Mountain Biking

Soldato
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18 Oct 2002
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Somewhere in the middle.
Soldato
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15 Jan 2005
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UK
Apologies in advance I know nothing about mountain biking. I went up to Scotland with an electric Carrera mountain bike, which I only had to cover greater distances than walking. Went to Ben Nevis range and as it was quiet went down the blue trails there without knowing what I was doing and found it fun. More recently I've gone to Cannock Chase and had a blast trying to be faster on the new blue route there, but I look at the red routes and they're littered with rocky staircases which I have no idea how to get up while staying on the bike. So how do I get good? I guess the scary rocks are there to filter noobs.
 
Soldato
Joined
27 Apr 2012
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3,997
Welcome Phil! I haven't been doing it long myself, but the progression is fast if you're already pretty comfortable on a bike.

Blue routes -> Smooth, fast, some rocks but generally anyone should be able to ride these trails. No real features, maybe a jump, but everything will be rollable.

Red Routes -> Can be fast and smooth, or technical rocky, or both! just depends on the trail. There may be jumps and some features, but should generally have two paths to take - the chicken way, or hit the feature.

Black routes -> Usually start with a qualifying feature, a big drop of some sort. If you can do this, you can do the trail. Unavoidable features, very techy in places, tight turns, steep etc.

Just build up. One thing that I learned quick is, how much grip your tires actually have, and that rocks aren't scary. don't be scared to chuck the bike around either, get it real sideways in the berms, those tyre side knobbles will keep you on the ground / centrifugal force. Also speed. Don't over do it, build up, but that rock garden you went slow over will be bumpy and a pain to get past slow. But when you go fast, before you've even thought about the fact there's a bunch of rocks there, you're over it and it was a lot easier than going slow. :D
 
Caporegime
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20 Oct 2004
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....
Apologies in advance I know nothing about mountain biking. I went up to Scotland with an electric Carrera mountain bike, which I only had to cover greater distances than walking. Went to Ben Nevis range and as it was quiet went down the blue trails there without knowing what I was doing and found it fun. More recently I've gone to Cannock Chase and had a blast trying to be faster on the new blue route there, but I look at the red routes and they're littered with rocky staircases which I have no idea how to get up while staying on the bike. So how do I get good? I guess the scary rocks are there to filter noobs.

The biggest advice I could give is to get coaching, I only done it recently and I hugely regret not doing it sooner. It is expensive, but it's so worth it.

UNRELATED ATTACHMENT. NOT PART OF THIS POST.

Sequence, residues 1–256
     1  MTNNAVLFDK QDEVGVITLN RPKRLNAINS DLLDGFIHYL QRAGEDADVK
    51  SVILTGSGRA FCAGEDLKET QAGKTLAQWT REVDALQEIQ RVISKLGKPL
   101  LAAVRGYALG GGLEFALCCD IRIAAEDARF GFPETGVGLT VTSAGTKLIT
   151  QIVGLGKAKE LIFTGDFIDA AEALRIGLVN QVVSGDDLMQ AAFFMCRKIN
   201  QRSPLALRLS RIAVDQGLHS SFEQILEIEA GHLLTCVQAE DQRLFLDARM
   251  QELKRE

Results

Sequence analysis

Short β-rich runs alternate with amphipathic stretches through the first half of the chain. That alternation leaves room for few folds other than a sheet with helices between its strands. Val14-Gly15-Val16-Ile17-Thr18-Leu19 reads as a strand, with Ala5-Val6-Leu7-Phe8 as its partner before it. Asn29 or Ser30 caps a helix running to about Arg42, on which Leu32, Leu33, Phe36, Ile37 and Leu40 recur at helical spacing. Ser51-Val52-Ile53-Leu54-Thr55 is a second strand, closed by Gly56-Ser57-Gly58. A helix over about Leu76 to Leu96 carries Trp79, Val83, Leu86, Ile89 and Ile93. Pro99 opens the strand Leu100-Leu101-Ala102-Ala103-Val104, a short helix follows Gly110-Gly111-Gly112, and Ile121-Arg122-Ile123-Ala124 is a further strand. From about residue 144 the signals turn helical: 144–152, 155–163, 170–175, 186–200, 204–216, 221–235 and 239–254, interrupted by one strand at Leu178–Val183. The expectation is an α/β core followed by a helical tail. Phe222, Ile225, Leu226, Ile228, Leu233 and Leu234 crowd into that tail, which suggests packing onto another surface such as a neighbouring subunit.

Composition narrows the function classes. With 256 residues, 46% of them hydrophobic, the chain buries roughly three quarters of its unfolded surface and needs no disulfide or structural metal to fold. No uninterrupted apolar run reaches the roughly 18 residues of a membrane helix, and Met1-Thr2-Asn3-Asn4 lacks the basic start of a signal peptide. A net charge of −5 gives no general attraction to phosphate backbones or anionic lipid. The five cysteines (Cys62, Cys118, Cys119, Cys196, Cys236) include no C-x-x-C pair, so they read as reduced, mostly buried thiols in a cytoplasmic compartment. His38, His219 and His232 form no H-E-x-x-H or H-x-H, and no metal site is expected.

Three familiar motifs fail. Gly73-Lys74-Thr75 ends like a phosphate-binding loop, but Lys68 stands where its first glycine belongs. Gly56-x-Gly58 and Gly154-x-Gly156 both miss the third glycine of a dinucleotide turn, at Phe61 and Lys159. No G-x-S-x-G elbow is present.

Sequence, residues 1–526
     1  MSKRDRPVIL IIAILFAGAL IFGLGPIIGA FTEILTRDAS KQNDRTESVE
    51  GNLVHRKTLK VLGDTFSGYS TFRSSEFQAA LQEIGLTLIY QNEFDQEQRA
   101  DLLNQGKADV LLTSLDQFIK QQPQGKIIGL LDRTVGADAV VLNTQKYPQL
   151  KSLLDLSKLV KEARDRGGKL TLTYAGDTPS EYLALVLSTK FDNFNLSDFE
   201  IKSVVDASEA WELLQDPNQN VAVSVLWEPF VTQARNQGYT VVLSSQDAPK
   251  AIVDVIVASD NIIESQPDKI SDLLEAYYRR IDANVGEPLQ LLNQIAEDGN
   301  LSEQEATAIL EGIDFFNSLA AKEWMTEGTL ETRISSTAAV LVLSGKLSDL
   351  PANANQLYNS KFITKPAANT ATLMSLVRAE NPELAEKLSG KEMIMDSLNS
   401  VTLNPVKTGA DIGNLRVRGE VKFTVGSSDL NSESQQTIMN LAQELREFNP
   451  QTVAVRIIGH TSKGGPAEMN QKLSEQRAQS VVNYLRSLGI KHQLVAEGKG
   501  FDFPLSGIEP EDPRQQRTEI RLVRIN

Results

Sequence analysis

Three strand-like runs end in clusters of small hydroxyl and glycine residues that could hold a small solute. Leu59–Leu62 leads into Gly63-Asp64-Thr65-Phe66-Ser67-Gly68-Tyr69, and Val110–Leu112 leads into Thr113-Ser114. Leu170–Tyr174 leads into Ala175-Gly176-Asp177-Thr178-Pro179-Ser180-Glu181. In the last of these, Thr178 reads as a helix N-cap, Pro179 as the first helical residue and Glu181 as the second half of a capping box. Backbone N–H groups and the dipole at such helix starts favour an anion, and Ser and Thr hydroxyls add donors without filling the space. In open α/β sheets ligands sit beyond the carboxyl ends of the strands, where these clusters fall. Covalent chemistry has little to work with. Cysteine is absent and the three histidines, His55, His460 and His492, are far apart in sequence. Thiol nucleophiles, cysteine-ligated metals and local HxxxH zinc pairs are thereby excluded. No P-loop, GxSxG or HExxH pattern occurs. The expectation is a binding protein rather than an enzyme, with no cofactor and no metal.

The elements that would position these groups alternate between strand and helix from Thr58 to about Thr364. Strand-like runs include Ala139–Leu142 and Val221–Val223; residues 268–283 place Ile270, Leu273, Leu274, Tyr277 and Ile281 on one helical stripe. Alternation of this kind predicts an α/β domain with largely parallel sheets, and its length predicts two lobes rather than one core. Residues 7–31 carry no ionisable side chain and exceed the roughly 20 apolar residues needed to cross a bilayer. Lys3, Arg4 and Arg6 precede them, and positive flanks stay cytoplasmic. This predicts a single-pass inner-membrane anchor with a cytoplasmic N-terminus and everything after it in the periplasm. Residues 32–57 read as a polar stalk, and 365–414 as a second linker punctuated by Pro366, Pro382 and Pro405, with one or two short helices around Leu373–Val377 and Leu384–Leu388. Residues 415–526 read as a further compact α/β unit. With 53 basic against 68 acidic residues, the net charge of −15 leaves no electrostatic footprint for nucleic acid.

Also follow people like Ben Cathros guides ( https://www.youtube.com/watch?v=BGsNvd9EhvQ&t=51s). But realisticly there is no replacement for time on the bike, repetition, repetition, repetition. You need to push yourself, and challenge those fears to get good at the bigger stuff. But with checking out the above videos/some coaching it'll give you the confidence that your body position, feet position, braking, pumping are correct. Body position is so important, and something that can be practiced even on the street/local woods.

The rocks at cannock is ultimately; correct body position, off the brakes - go.
 

mrk

mrk

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I have provisionally booked out the 15th to go to Rogate bike park pending confirmation with a mate too and another. Should be fun!

In the meantime, I installed the Nukeproof pads and Magura SL2 rotors today. I know I was going to let teh stock pads wear down a bit but tbh I realised that the Nukeproof is just better having had the same compound previously, and that the stock MT5 pads are one-piece so you have to take the caliper off to get them out whereas the 4x single piece pads can be lifted out through the top without messing with caliper alignment.

Aligning the caliper was a bit tricky but managed it in the end and there is no rubbing on the front with just a hair on the back. After the 30 full stops bedding in process is done this weekend I'm hoping that will sort that out. Gap tolerance is so small it's unreal lol. MOdulation on Magura brakes is also something else. So much fine adjustment with more lever application then the last 10% of so is where the full stopping power comes in. Rather different to Tektro/Shimano brakes I've used before which are more on/off.

Also in the meantime I've been practising manuals, wheelies and bunny hops more having now watched a bunch of really useful tips from Pinkbike & Drew Blankenbecler and a couple others that showed pointers that I'd not seen anywhere else. Ultimately I want to be able to master jumping onto ledges/raised surfaces with ease and that kind of control will no doubt help when riding at more complex stuff like bike parks :D
 
Associate
Joined
1 Jun 2014
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1,502
Yeah bought the Prime road saddle which I thought would be comfortable given it's a road saddle but ended up being too harsh for me.

This is shorter but wider and of course much softer :D

Earlier in the year I was weighing up the Nukeproof Enduro vs Ergon Enduro saddles - went with the latter due to stock availability and seems nicer than my any of my previous flat top options (WTB, Fabric, Charge etc.)

Yeah my preferred saddle is an Ergon SM, really comfy. I've had a Fabric Scoop, Charge Spoon and SDG before but the Ergon is better, I like that they do different sizes as well depending on your sitbones.

So the Ergon is a pretty comfortable saddle then? I was advised to give the cycling a rest for a few weeks by the doc as it was causing issues with muh gooseberries but not sure if it was the saddle (nukeproof std one that came with bike) or the fact that i was wearing underwear with padded shorts which i didn't realise was a no no, but maybe it was both. Going to try with no underwear first but may end up buying a better seat anyway!